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Byron Shire
May 10, 2021

Belongil rock wall expected to create precedent

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Unimpressed – the gallery listen to the arguments for the rock wall during public access in the council chambers. Photo Eve Jeffery.

Hans Lovejoy

A packed gallery of protesters didn’t persuade the majority five councillors committed to erecting rock walls at Belongil at Thursday’s meeting.

The decision to go ahead with rock walls at Belongil is expected to set a precedent for other coastal areas throughout the state, but is mired by a lack of scientific, state government and council staff support – as well as its secrecy.

It also marks a reversal of nearly 30 years of Council’s planned retreat policy, which required landowners who bought after 1988 to relocate their homes if a large storm event eroded their property.

In addition, the project is to be ‘expedited’ before a coastal zone management plan (CZMP), which all coastal councils are required to undertake, has been completed.

Adding to the planning quagmire, this project will need a sand nourishment plan in place to replenish the expected sand that will be lost. One option on the table is to pump sand from Cosy Corner at Tallow Beach through to Clarkes Beach.

Fierce exchanges between the gallery, speakers and councillors Ibrahim, Wanchap and Cubis erupted during morning access but it was later in the day, after the residents left, that the decision was passed by majority councillors Ibrahim, Wanchap, Woods, Hunter and Cubis.

The works are called interim beach access stabilisation (IBAS), and are to be carried out at Manfred, Border and Don Streets at Belongil Beach. A further $60,000 of ratepayer’s money was splashed at the project bringing the total expenditure to over $1.2m, with $300,000 being contributed by landowners of three affected properties.

Chris Cubis Photo Eve Jeffery.
Cr Chris Cubis Photo Eve Jeffery.

Cr Chris Cubis penned the successful motion, which will also see the confidential report on the project published, except for the tender quotes.

A $1.2m quote has been accepted from Hardings Earthmoving,

And in a rather bizarre development, a press release will be generated to explain that three landowners contributed to the project and, ‘advise the community of this generosity.’

Finally, a letter will be sent to the minister advising of the progress including a request for ‘consideration of the original $300,000 grant, or part thereof.’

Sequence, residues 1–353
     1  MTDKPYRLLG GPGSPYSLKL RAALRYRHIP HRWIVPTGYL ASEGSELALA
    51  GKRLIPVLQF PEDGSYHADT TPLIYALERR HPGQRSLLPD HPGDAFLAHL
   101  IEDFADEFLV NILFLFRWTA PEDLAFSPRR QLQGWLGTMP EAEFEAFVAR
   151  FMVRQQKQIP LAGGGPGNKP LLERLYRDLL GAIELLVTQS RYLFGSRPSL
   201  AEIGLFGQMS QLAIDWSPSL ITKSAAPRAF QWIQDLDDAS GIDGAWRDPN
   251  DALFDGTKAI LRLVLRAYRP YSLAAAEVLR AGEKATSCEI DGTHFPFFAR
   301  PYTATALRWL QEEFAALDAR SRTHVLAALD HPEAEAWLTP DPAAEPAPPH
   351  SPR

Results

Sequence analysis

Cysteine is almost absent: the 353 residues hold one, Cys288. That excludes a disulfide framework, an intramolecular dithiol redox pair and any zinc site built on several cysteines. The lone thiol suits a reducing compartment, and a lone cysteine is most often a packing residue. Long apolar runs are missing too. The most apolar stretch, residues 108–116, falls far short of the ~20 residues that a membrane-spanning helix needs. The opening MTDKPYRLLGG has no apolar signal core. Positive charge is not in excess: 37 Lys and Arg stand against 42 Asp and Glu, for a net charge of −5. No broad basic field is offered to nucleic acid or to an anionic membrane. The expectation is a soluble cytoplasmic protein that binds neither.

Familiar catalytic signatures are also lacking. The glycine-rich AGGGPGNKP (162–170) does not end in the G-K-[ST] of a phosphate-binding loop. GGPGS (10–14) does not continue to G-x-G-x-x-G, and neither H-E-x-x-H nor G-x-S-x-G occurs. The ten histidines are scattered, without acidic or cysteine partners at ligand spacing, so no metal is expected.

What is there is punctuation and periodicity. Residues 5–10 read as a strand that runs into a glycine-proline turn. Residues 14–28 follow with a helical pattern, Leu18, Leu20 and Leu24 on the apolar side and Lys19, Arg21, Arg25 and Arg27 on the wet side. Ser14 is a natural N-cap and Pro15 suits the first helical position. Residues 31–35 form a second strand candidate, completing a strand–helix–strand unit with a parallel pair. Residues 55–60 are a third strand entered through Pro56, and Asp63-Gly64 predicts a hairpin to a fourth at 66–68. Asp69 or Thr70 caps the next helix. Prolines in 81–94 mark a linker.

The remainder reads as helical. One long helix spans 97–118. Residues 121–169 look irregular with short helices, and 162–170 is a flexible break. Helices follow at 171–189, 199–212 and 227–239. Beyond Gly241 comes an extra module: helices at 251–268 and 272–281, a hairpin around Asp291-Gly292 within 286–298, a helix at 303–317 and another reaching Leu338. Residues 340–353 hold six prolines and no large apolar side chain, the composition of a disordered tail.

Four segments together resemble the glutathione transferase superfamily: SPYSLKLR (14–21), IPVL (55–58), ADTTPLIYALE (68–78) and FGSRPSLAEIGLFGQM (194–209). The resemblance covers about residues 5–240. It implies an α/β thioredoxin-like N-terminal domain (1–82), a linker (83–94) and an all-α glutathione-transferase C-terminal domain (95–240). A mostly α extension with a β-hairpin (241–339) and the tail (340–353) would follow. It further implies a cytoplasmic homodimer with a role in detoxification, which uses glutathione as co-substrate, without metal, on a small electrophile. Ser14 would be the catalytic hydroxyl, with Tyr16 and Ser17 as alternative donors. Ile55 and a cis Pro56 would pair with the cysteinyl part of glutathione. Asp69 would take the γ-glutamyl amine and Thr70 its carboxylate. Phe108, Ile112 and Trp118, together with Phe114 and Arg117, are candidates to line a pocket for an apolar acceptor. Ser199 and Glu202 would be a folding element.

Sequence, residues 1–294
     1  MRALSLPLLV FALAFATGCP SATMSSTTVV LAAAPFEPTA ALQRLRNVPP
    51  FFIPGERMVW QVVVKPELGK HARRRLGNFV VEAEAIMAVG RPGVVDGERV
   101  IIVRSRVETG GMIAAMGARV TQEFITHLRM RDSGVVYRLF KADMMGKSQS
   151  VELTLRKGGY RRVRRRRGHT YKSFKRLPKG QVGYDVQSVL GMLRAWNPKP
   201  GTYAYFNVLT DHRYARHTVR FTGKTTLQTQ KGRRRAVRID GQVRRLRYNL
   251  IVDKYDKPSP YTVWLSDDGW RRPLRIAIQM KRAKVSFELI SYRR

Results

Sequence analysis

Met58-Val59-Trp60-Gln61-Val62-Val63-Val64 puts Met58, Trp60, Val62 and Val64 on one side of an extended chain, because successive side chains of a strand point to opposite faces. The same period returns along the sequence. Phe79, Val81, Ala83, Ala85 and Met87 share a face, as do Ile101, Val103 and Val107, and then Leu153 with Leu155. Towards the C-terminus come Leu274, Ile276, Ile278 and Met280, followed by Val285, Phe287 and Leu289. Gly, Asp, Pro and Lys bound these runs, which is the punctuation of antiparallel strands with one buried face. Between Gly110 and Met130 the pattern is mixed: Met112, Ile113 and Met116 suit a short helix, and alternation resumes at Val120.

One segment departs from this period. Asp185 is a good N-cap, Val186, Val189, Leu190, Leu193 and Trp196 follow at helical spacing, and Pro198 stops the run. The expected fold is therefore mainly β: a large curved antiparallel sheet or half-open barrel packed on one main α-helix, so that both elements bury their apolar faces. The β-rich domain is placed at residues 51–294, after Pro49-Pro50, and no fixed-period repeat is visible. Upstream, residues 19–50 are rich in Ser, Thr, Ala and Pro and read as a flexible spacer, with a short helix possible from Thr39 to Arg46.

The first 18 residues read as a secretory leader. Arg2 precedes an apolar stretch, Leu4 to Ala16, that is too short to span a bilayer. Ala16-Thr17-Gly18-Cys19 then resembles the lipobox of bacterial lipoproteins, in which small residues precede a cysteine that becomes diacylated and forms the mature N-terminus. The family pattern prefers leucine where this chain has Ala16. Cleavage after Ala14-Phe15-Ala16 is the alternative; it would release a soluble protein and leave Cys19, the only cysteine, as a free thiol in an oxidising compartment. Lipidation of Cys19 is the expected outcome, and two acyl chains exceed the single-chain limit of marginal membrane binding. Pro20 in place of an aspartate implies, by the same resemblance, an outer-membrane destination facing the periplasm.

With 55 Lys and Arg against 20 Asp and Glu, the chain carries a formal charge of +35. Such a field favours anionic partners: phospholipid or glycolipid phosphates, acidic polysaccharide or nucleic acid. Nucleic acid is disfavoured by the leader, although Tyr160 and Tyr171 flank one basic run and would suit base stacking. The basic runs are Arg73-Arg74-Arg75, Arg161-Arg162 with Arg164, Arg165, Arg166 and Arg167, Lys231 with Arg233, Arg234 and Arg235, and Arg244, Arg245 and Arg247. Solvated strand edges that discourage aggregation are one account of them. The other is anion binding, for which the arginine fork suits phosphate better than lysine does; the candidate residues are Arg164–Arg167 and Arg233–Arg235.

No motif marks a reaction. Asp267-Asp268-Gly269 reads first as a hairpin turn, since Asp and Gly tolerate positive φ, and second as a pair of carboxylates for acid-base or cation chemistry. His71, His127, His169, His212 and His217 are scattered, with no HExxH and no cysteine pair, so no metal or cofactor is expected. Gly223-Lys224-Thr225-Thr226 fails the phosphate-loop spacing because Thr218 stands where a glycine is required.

It was also confirmed that the agreement between the council and those landowners had been signed, however a staff memorandum dated May 21 says, ‘At close of business last night we had not, however, received the required $100,000 payment from Mr and Mrs Vaughan. Council is currently holding $300,000 cash from Shuttlewood Pty Ltd and a $100,000 bank guarantee supplied by Mr and Mrs Burke.’

Council staff have asked those landowners for clarity and confirmation of three proposals.

Meanwhile, a day of action to save Belongil Beach from rock walls is planned by residents for June 7.

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  1. Shame on concillors Ibrahim, Wanchap, Woods, Hunter and Cubis, who showed by this vote in favour of the rockwall and consequent sand pumping from Tallow Beach, that they are working for a very small number of ratepayers and NOT for the best interests of this community!
    Remember them well at the next election!

  2. Council’s contribution to this project of “interim” works is $967,000 (about $1million). The projected time-frame for the Coastal Zone Management Plan is mid 2016 and the majority Councillors are urging it be completed before their majority rule ends at the September 2016 election.

    At a time when the Shire’s potholes need filling and when the State is doing forensics on Council’s finances, asking each NSW Council to prove that it is “Fit for the Future”, this is fiscal madness. Its coming from the ‘side’ of politics that preaches fiscal soundness. Really, they are just better at ‘robbing the bank’.

  3. All very well and good but wonder what the position would be if the shoe is on the other foot and the protesters and the Greens Councillors would be doing if their houses were falling into the sea.


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